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Legault wants a transpartisan commission on social networks, these “virtual pushers”

Photo: Jacques Boissinot The Canadian Press Prime Minister François Legault immediately said he was “open” to the possibility of establishing a digital majority in Quebec. “We are going to have debates: there are pros, there are cons. When we are there – if we make that decision – we will actually look at how we can do that legally,” he said.

A few weeks after mocking the idea of ​​a minimum age for accessing social networks, the Prime Minister, François Legault, proposed on Saturday a special transpartisan parliamentary commission on the impacts of screens and social networks , describing the latter as “ virtual pushers”.

“The way social networks work, it’s about making readers addicted. So, it’s a bit like they’re pushersvirtual, like drugs, like substances, and it’s worrying. It scares me, it creates significant mental health problems among young people,” said the leader of the Coalition Avenir Québec upon his arrival at his party’s general council in Saint-Hyacinthe.

At the end of the day, he sent letters to the leaders of the opposition parties to propose that they set up a special, transpartisan parliamentary commission on the impacts of screens and social networks on the health and development of young people.

“We have a huge social problem on our hands. […] We need to do a major reflection exercise. As we did for the end of life, but this time, for our young people,” said Mr. Legault in his speech to the activists.

The first Minister proposed that the commission focus in particular on screen time, supervision measures at school and on the Web, cyberbullying and even access to social networks and pornography on the Web .

Change of course for Legault

In plenary, the CAQ activists had just diluted a proposal from the CAQ Succession Commission, which initially aimed to establish a “digital majority at 16 to open an account on social networks”. The activists ultimately agreed to “ask the government to study in a parliamentary committee the establishment of a numerical majority for minors at an age to be determined for opening an account on social networks “.

Mr. Legault's openness about the supervision of social networks constitutes a change of direction, since he had rejected this idea at the beginning of May. “Did I just hear the leader of the Parti Québécois tell us: “we should ban social media for children under 14 ?” Is that what he just said? ? Did I hear correctly ?”, he then said.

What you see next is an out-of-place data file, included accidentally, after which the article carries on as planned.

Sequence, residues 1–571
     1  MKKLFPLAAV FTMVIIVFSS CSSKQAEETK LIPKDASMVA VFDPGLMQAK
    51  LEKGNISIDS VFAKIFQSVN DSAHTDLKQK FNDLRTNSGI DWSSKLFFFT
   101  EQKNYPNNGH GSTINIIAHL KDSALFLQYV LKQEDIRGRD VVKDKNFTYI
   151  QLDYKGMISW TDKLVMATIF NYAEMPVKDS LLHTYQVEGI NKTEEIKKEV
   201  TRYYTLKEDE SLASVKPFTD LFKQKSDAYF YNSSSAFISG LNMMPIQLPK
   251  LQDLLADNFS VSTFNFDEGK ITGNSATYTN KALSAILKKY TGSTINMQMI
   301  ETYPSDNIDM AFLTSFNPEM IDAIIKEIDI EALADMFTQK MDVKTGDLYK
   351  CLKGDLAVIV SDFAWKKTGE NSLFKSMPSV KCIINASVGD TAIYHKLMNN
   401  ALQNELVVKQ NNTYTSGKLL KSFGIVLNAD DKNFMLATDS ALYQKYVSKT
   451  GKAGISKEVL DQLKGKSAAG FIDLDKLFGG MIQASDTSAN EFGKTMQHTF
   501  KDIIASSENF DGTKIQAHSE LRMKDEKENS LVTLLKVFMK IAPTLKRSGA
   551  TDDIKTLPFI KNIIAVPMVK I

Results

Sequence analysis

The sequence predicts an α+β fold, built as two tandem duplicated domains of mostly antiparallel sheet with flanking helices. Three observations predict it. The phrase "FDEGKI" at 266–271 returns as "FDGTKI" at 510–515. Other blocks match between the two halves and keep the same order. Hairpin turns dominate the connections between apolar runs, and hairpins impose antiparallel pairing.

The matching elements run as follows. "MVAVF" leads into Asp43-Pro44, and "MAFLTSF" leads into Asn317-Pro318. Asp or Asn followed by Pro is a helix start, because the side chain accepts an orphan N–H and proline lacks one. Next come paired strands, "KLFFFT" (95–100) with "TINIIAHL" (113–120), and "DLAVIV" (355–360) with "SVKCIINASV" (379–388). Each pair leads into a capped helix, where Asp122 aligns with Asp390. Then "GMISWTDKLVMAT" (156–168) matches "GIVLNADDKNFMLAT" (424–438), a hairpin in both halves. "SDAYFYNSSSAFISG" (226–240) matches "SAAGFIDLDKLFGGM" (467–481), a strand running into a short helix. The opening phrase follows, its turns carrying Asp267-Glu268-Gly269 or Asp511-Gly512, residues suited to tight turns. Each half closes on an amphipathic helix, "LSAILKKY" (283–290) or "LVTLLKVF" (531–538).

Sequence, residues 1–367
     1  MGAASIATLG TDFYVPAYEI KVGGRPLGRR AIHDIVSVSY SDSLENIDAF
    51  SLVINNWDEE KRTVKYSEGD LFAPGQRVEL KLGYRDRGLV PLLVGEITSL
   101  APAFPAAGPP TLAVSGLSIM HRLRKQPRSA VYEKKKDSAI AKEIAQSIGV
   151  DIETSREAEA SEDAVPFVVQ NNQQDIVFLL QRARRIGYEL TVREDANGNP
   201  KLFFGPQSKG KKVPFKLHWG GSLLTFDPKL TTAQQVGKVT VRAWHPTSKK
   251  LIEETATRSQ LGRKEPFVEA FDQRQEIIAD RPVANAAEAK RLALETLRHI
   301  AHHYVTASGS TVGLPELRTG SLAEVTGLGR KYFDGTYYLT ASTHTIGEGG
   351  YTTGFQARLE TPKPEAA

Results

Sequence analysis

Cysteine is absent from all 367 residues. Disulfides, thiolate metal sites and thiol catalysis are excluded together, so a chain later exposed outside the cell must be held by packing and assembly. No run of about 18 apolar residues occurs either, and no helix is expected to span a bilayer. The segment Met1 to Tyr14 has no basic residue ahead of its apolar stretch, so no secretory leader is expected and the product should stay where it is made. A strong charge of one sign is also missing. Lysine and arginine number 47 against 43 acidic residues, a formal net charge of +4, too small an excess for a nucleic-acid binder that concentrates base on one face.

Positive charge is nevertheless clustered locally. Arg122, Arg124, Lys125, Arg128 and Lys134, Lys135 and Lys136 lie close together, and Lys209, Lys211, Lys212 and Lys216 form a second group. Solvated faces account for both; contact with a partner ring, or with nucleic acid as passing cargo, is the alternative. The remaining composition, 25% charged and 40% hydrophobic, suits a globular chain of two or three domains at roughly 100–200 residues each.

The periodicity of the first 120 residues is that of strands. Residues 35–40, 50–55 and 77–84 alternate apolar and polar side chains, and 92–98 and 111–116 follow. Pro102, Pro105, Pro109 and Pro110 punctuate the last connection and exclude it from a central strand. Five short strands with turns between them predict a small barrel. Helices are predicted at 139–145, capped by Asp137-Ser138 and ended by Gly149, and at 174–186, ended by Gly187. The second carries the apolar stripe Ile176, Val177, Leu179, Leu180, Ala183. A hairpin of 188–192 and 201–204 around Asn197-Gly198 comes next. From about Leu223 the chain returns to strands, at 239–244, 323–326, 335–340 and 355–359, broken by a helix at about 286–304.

The leader of the PQ, Paul St-Pierre Plamondon, was coming to recall that France requires, to open an account on social networks, the authorization of parents of children under 15 years old. “In Florida, social networks are banned for those under 14,” he also pointed out.

A recent survey conducted by the Léger firm on behalf of the media Les As de l'info revealed that a quarter of eight-year-old children in Quebec have at least one account on a social network, such as YouTube, Snapchat or TikTok . After the age of 12, this proportion reaches 84%.

“The time is serious”

François Legault also tried to impose the theme of immigration, with the hope that it would percolate among the Quebec population.

« The explosion of temporary immigrants accepted by the federal government affects services to Quebecers. Our services are overwhelmed. Our language is in decline. This is a serious time for our nation,” he said.

“We cannot blame immigrants for coming here to have a better life,” he added, emphasizing that Quebecers will “always be welcoming.” “The problem is numbers,” he stressed, recalling that 560,000 non-permanent residents were in Quebec at the turn of 2024.

His government recently explained the delays in 4-year-old kindergartens, the tabling of a new housing bill and the decline of French (among other things) by the massive arrival of temporary immigrants in Quebec.

“Quebecers must see that this is an emergency,” insisted the Prime Minister. And “the federal government must feel the sense of urgency of Quebecers. »

Mr. Legault said he was putting “pressure on the federal government to act quickly, because it has an impact on French, on our services. » The Prime Minister was sorry to see that the question of immigration was not “the main issue” of the last federal election. He recently suggested that he could again try to influence the vote of Quebecers in the next federal election, by banking on the party that “will best defend the interests of Quebecers”.

The CAQ leader closed his speech by launching an arrow at the Parti Québécois, which sits at the top of the polls. “There are still some who dream of a referendum on sovereignty. It’s a noble, legitimate project,” he argued. “But now is not the time to play dice with our nation’s future. Now is not the time to divide Quebecers over a referendum on sovereignty. It’s time to bring Quebecers together to move the federal government,” he argued.

Teilor Stone

By Teilor Stone

Teilor Stone has been a reporter on the news desk since 2013. Before that she wrote about young adolescence and family dynamics for Styles and was the legal affairs correspondent for the Metro desk. Before joining Thesaxon , Teilor Stone worked as a staff writer at the Village Voice and a freelancer for Newsday, The Wall Street Journal, GQ and Mirabella. To get in touch, contact me through my teilor@nizhtimes.com 1-800-268-7116